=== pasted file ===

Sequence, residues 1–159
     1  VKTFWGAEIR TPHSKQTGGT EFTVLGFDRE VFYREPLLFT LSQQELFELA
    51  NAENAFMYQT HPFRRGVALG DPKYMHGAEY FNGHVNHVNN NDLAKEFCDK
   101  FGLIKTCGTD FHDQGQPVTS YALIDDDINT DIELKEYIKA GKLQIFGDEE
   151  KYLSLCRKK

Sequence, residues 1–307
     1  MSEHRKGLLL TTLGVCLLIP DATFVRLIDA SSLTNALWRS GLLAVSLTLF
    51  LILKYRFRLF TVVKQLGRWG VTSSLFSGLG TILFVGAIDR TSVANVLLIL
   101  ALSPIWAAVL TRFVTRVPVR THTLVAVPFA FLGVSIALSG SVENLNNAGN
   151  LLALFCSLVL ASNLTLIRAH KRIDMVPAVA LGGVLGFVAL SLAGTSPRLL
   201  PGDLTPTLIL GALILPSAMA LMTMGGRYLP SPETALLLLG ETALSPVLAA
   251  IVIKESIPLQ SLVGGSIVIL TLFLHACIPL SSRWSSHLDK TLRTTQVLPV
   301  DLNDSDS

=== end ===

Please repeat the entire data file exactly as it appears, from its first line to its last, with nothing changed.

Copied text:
Sequence, residues 1–159
     1  VKTFWGAEIR TPHSKQTGGT EFTVLGFDRE VFYREPLLFT LSQQELFELA
    51  NAENAFMYQT HPFRRGVALG DPKYMHGAEY FNGHVNHVNN NDLAKEFCDK
   101  FGLIKTCGTD FHDQGQPVTS YALIDDDINT DIELKEYIKA GKLQIFGDEE
   151  KYLSLCRKK

Sequence, residues 1–307
     1  MSEHRKGLLL TTLGVCLLIP DATFVRLIDA SSLTNALWRS GLLAVSLTLF
    51  LILKYRFRLF TVVKQLGRWG VTSSLFSGLG TILFVGAIDR TSVANVLLIL
   101  ALSPIWAAVL TRFVTRVPVR THTLVAVPFA FLGVSIALSG SVENLNNAGN
   151  LLALFCSLVL ASNLTLIRAH KRIDMVPAVA LGGVLGFVAL SLAGTSPRLL
   201  PGDLTPTLIL GALILPSAMA LMTMGGRYLP SPETALLLLG ETALSPVLAA
   251  IVIKESIPLQ SLVGGSIVIL TLFLHACIPL SSRWSSHLDK TLRTTQVLPV
   301  DLNDSDS